geodf$time.p1 <- shift.vec(geodf$time, -1)

# Calculate the number of seconds between two positions.

geodf$time.diff.to.prev <- as.numeric(difftime(geodf$time.p1, geodf$time))

# Calculate metres per seconds, kilometres per hour and two LOWESS smoothers to get rid of some noise.

geodf$speed.m.per.sec <- geodf$dist.to.prev / geodf$time.diff.to.prev

geodf$speed.km.per.h <- geodf$speed.m.per.sec * 3.6

geodf$speed.km.per.h <- ifelse(is.na(geodf$speed.km.per.h), 0, geodf$speed.km.per.h)

geodf$lowess.speed <- lowess(geodf$speed.km.per.h, f = 0.2)$y

geodf$lowess.ele <- lowess(geodf$ele, f = 0.2)$y

Now, let’s plot all the stuff!

# Plot elevations and smoother

plot(geodf$ele, type = “l”, bty = “n”, xaxt = “n”, ylab = “Elevation”, xlab = “”, col = “grey40”)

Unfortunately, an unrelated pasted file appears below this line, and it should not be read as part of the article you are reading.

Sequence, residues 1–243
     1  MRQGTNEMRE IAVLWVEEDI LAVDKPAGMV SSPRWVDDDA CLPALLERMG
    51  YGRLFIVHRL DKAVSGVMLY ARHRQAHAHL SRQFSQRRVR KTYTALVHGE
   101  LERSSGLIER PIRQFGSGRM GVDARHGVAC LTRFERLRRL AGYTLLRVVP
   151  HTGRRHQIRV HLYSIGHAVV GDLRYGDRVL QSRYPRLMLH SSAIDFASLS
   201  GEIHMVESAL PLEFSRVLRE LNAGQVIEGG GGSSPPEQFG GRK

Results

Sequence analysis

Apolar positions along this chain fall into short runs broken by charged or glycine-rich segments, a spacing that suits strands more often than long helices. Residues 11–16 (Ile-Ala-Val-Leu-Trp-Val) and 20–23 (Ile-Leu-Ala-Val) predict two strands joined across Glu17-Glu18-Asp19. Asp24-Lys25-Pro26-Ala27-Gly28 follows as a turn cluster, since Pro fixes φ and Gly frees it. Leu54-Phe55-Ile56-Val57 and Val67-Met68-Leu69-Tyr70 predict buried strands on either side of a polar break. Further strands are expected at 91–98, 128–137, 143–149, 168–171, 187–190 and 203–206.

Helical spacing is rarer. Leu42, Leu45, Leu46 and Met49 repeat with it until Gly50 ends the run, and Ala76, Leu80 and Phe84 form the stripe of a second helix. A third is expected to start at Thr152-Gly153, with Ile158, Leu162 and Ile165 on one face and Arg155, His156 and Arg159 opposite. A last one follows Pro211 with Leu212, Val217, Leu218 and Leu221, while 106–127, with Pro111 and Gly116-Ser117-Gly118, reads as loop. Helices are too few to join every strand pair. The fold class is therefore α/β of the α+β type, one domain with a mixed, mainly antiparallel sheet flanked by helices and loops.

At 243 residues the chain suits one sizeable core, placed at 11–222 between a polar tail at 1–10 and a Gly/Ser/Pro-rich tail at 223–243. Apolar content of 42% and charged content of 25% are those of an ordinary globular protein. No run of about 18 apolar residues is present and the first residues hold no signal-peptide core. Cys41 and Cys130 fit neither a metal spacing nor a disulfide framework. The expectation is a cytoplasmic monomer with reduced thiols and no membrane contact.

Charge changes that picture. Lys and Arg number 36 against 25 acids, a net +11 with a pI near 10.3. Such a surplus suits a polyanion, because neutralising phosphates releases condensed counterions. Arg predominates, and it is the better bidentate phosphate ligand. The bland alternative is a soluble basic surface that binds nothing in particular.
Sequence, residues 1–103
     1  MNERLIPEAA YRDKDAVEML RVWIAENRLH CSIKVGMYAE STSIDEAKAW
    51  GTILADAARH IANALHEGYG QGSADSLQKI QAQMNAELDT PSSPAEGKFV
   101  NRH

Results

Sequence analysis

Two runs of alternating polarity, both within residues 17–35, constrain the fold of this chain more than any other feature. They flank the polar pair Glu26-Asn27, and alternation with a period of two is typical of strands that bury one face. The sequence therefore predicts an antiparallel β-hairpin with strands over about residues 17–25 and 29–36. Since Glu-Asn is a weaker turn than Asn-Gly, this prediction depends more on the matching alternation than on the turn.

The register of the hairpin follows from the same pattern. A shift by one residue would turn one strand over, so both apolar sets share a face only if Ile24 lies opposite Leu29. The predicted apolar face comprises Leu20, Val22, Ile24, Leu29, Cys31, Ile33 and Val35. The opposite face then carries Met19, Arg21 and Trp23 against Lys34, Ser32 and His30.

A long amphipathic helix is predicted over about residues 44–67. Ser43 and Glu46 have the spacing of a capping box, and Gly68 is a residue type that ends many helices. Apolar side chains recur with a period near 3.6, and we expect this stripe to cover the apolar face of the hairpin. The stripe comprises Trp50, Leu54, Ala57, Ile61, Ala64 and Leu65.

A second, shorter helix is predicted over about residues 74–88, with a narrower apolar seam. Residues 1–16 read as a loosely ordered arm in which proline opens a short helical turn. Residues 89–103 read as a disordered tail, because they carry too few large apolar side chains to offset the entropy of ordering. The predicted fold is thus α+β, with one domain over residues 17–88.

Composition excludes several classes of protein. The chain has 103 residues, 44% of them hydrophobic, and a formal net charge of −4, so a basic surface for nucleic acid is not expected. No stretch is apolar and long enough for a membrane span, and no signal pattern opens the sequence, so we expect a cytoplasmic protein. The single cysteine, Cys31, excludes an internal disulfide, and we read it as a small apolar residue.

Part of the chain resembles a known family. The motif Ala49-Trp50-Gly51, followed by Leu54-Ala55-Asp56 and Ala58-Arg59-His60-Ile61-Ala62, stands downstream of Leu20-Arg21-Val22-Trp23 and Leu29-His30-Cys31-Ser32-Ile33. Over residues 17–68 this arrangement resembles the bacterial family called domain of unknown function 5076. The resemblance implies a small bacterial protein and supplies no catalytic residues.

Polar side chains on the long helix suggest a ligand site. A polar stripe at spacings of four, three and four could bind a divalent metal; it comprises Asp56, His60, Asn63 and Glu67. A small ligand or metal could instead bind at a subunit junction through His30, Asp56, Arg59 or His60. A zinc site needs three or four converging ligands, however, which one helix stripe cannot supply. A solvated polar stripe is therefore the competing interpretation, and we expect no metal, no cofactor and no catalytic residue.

lines(geodf$lowess.ele, col = “red”, lwd = 3)

legend(x=”bottomright”, legend = c(“GPS elevation”, “LOWESS elevation”),

col = c(“grey40”, “red”), lwd = c(1,3), bty = “n”)

# Plot speeds and smoother

plot(geodf$speed.km.per.h, type = “l”, bty = “n”, xaxt = “n”, ylab = “Speed (km/h)”, xlab = “”,

col = “grey40”)

lines(geodf$lowess.speed, col = “blue”, lwd = 3)

legend(x=”bottom”, legend = c(“GPS speed”, “LOWESS speed”),

col = c(“grey40”, “blue”), lwd = c(1,3), bty = “n”)

abline(h = mean(geodf$speed.km.per.h), lty = 2, col = “blue”)

# Plot the track without any map, the shape of the track is already visible.

plot(rev(geodf$lon), rev(geodf$lat), type = “l”, col = “red”, lwd = 3, bty = “n”, ylab = “Latitude”, xlab = “Longitude”)

We will now use the OpenStreetMap package to get some maps from the internet and use them as a background for the track we just converted. There are several blocks for each map type. Check the comments in the first block what the different calls do.

First, we need to get the specific map. The ‘type’ argument controls which type of map we get.

map <- openmap(as.numeric(c(max(geodf$lat), min(geodf$lon))),

as.numeric(c(min(geodf$lat), max(geodf$lon))), type = “osm”)